Ok God, you shut that door, but what do I do with all THIS? All these things I can’t return, I can’t get back. It feels like I’ve wasted so much on something that wasn’t even real.
I wish I had a poetic way of describing how I felt, but the truth is, I was sad. Just so, so sad. Deep, I’m so heavy, I may crush-and -crack -the -floor -beneath- me, kind of sad. The truth is, I am still sad over this loss. It feels like a death to me.

Jesus knows a thing or two about death. He knows a thing or two about resurrection, too.

Sometimes, he allows death, to show us he has the power to resurrect. He loves us that much.

“Now a man named Lazarus was sick. He was from Bethany, the village of Mary and her sister Martha. (This Mary, whose brother Lazarus now lay sick, was the same one who poured perfume on the Lord and wiped his feet with her hair.) So the sisters sent word to Jesus, “Lord, the one you love is sick.”
When he heard this, Jesus said, “This sickness will not end in death. No, it is for God’s glory so that God’s Son may be glorified through it.” Now Jesus loved Martha and her sister and Lazarus. So when he heard that Lazarus was sick, he stayed where he was two more days, and then he said to his disciples, “Let us go back to Judea” (John 11: 3-7 NIV).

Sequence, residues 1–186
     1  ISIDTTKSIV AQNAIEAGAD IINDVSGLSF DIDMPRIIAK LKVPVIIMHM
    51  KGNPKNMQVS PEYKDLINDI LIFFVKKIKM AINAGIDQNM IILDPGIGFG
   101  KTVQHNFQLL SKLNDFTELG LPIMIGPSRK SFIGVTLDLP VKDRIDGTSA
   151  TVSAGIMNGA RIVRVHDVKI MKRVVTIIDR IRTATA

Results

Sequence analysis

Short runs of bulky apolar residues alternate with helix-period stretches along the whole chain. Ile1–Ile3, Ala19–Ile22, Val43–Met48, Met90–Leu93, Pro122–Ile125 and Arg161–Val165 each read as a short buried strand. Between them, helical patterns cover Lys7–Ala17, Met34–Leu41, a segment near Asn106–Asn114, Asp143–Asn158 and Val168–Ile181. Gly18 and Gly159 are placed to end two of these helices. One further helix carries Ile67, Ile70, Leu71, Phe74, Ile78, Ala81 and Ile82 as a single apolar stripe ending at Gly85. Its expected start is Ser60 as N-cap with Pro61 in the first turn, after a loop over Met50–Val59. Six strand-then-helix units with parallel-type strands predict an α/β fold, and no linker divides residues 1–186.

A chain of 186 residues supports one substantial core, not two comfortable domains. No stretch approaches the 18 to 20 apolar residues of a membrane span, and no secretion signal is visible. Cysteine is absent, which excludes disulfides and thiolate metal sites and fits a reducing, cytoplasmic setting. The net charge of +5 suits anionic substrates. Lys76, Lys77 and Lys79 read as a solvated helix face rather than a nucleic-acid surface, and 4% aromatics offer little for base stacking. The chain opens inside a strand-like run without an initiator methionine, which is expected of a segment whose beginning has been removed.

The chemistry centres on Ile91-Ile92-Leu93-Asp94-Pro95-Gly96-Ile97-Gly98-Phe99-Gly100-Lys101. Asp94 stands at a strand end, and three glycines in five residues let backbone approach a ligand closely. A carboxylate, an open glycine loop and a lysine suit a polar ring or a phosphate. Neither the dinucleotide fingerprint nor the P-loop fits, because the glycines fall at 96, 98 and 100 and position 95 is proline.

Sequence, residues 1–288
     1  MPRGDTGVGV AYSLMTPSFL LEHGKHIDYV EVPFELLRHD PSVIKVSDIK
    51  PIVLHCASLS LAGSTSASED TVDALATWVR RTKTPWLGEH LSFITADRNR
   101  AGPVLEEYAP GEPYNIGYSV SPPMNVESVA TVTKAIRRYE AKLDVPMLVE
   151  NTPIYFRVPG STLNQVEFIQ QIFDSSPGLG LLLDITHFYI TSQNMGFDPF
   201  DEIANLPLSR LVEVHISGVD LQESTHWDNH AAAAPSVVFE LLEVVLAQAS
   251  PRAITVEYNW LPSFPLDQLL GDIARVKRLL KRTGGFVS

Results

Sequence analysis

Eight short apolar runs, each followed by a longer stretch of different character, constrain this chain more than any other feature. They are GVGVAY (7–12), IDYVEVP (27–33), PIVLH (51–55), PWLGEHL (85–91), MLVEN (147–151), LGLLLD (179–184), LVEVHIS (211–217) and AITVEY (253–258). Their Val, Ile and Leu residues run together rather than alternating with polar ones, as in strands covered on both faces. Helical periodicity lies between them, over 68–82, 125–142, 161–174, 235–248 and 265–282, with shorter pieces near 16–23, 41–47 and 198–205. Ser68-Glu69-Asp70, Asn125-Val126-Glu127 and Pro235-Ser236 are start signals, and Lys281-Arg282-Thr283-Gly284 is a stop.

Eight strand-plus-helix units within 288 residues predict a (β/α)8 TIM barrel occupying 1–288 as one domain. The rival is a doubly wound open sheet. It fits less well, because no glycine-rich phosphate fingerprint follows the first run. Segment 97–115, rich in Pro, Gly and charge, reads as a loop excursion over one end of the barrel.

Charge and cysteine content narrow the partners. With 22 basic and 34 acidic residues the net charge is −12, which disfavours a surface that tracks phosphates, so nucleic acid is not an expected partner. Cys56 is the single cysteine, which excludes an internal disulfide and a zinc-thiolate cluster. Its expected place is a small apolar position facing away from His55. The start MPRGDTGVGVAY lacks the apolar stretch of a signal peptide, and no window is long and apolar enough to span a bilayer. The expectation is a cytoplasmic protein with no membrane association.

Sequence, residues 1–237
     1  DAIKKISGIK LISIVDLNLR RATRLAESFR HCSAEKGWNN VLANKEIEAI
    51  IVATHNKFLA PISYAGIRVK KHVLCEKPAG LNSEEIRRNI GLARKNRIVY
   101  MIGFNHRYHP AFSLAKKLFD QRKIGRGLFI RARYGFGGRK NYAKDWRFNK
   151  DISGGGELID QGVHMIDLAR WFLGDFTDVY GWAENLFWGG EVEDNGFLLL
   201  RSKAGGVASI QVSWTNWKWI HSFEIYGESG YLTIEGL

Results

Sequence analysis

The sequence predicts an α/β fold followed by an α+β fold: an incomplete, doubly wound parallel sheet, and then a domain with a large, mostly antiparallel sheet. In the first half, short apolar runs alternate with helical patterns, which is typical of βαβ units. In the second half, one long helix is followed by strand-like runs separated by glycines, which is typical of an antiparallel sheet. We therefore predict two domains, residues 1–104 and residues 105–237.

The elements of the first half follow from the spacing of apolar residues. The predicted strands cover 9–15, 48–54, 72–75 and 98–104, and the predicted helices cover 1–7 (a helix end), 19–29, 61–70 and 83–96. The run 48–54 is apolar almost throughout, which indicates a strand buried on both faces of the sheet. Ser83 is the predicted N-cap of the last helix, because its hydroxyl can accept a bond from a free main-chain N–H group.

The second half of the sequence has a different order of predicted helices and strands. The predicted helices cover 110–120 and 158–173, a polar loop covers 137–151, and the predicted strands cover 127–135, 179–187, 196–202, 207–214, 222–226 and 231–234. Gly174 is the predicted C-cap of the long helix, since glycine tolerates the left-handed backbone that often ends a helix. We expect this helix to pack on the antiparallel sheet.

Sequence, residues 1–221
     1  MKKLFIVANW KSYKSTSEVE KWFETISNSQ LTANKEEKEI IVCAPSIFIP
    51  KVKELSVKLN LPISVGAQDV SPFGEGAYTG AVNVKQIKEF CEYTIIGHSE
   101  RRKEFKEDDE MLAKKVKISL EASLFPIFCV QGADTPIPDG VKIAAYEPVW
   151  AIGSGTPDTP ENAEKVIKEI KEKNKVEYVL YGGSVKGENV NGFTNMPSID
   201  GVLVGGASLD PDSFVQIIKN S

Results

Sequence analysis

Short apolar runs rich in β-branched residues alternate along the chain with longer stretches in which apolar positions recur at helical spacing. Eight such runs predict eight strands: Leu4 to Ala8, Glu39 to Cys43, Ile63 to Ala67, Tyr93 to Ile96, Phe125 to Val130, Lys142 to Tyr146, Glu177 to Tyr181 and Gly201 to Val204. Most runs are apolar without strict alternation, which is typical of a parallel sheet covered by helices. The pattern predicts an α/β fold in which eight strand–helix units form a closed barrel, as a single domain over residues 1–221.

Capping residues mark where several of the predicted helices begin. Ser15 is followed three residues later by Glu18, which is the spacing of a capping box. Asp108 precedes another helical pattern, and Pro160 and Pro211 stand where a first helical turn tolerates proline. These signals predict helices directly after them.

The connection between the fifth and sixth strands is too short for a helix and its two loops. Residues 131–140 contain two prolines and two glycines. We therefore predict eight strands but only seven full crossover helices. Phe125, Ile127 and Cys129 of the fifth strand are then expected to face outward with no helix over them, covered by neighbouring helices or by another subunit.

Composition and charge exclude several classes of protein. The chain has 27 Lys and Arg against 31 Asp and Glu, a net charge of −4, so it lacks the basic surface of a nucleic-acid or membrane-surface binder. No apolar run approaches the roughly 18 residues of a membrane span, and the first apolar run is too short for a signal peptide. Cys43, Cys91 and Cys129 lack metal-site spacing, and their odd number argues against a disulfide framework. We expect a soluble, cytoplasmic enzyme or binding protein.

Catch this: Jesus chose to stay where he was two more days. If Jesus had gone to Lazarus as soon as he heard he was sick, he could have made it in time to heal him. He would not have died. Even Martha says this to him when he comes, “Lord…if you had been here, my brother would not have died. But I know that even now God will give you whatever you ask” (John 11:21-22).

But, he did die. Jesus knew he would; he intentionally waited until Lazarus was buried in a tomb. But why did he wait? The Bible tells us one reason in the preceding sentence, “Now, Jesus loved Martha and her sister and Lazarus, SO…he stayed where he was two more days”.

In other words: Jesus loved them, so he allowed death. This side of heaven, this is a hard truth to comprehend.

In this specific instance, Jesus chose to resurrect the dead. He did this so the disciples traveling with him would believe in his power, “for your sake I am glad that I was not there, so that you may believe” (John 11:15). But what about Martha? She already believed, saying, “I know that even now God will give whatever you ask”.